EU Referendum

The source of our problems


Is it very easy to draw a range of conclusions from the Warrior incident, not all of which are consistent with each other or sustainable. Given the circumstances, some might venture that Taliban have only just worked out how to destroy a Warrior, in which case it would be valid to speculate on where the Taliban are getting the expertise to improve their IEDs.

On this basis, it would be quite logical to point the finger of suspicion at the Iran - the Islamic Republic's Revolutionary Guards Corps, which "is the regional expert in the development of weapons of this kind".

However, the Taliban have already twice taken out Warriors with fatalities reported. The first time was in November 2008. That incident was then – nearly four years ago - considered by The Daily Mail (headline below) to be "proof" that the Taliban were "turning to bigger and deadlier bombs targeted at British troops".

By then, the Warrior had been in theatre for sixteen months. In the previous eight months, the Mail reported that at least three Warriors had been damaged "beyond repair", "as the Taliban bomb makers set ever bigger charges in British soldiers' paths." Out of a fleet numbering only fourteen, this was (and is) a high proportion.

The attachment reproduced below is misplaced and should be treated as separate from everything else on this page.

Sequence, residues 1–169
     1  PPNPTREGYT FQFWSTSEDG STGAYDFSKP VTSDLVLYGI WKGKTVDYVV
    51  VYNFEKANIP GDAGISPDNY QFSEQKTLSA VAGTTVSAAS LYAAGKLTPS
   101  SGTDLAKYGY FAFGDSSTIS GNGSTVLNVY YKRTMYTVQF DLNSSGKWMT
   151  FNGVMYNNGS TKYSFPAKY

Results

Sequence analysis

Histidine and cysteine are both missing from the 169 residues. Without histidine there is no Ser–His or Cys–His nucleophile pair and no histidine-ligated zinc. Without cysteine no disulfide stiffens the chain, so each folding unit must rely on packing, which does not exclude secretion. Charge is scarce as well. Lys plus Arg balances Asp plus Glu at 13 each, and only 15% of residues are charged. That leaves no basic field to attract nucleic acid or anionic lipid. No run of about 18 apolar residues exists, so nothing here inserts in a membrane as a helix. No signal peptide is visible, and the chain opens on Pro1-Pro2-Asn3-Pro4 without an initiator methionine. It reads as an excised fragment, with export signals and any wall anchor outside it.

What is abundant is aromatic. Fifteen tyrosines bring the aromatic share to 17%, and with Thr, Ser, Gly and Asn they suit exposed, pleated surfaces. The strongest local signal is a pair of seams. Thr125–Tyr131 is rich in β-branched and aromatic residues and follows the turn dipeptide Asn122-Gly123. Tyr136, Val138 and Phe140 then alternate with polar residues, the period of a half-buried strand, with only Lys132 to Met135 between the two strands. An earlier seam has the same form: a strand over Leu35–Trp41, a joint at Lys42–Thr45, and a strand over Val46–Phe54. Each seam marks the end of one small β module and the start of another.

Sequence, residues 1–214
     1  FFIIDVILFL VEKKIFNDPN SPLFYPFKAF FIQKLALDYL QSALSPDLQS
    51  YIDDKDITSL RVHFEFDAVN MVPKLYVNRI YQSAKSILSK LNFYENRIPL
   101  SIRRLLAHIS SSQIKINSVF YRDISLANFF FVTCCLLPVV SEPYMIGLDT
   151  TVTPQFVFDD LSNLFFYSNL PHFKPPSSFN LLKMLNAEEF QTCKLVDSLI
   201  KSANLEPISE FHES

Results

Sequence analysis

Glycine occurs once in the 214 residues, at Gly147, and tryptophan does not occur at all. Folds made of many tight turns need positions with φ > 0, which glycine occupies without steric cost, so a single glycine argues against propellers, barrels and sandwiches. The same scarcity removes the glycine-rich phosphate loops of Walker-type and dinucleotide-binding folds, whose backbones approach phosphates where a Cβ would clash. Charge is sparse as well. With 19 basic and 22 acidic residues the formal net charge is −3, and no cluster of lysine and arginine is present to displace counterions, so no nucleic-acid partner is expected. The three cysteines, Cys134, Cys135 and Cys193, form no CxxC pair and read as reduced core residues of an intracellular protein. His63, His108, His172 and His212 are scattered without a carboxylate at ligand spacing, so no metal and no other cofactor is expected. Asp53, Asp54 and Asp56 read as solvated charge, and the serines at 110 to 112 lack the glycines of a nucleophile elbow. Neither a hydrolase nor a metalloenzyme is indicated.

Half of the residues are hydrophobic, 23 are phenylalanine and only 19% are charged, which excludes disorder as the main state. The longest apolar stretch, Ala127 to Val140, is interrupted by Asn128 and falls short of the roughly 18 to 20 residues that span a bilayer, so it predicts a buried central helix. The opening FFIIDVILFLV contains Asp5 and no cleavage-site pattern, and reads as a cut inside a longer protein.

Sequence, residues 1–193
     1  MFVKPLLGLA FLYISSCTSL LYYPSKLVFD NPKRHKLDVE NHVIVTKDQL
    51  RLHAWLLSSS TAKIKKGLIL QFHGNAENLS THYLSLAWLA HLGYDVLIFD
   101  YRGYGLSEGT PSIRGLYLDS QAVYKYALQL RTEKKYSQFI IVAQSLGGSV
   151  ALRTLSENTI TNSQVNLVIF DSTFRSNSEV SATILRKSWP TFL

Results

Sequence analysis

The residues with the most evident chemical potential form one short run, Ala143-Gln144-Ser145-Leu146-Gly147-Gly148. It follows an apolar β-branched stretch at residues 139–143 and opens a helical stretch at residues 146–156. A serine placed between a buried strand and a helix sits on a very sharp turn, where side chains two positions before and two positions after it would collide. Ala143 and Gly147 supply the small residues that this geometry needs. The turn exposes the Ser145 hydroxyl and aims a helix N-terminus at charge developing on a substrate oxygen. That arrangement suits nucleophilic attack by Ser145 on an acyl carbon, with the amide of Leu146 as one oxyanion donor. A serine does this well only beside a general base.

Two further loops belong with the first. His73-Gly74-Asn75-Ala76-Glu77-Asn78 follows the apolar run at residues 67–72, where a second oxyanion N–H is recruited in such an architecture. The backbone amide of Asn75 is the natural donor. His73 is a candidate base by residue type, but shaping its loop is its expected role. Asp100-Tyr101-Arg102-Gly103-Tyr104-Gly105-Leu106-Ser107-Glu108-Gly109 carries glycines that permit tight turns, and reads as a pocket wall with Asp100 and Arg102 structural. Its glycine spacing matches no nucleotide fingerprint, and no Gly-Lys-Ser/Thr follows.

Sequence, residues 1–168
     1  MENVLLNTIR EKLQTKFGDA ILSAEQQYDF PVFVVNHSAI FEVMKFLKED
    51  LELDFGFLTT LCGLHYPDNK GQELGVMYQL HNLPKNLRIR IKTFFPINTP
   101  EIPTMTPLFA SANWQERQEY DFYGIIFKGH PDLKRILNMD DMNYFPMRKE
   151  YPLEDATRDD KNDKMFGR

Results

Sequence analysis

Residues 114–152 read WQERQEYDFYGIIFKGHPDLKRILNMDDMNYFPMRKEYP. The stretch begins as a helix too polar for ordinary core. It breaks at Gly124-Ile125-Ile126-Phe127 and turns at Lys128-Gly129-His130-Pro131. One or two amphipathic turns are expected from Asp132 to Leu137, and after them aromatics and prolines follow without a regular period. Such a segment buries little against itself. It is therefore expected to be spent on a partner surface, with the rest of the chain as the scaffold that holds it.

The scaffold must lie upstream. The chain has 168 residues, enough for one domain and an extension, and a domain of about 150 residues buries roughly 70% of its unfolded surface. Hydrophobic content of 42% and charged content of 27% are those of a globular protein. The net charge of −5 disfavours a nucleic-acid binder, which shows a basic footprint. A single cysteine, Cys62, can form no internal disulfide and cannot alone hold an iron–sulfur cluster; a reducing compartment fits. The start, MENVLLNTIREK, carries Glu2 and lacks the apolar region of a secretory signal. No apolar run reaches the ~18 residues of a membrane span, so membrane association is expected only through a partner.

Thus, there is nothing really new about this capability. Although there are suggestions that this current incident will make it essential to introduce new and expensive countermeasures to protect the remaining fleet, there is very little that can be done to the Warriors to enhance their protection.

The weapon of choice, the Ammonium Nitrate Fuel Oil (AFNO) bomb, is a formidable instrument. But it is very old technology and has been used for many years by the Taliban. At weights of up to 250Kg, used in culverts, it can have devastating results.

As to countermeasures, rather than armour, surveillance and patrolling are the main options. Certainly, there is only a limited amount that can be done in the way of adding armour protection to a design which is not optimised for mine/IED protection.

Much more could have been done in the past, but with troops scheduled to depart by 2014, there is little more that probably will be done over the next two years. But one does look askance at Dannatt's comments, with him saying that the deaths of six soldiers were a matter of "great sorrow and sadness".

Had it been left to him, British troops would have been equipped with Piranhas, under the guise of FRES, with far greater slaughter than we have already experienced – as recounted in Ministry of Defeat.

Iran, thus – in this case – is probably the least of our problems and we need to look a lot closer to home for their source. One of them, currently, is sitting in the House of Lords.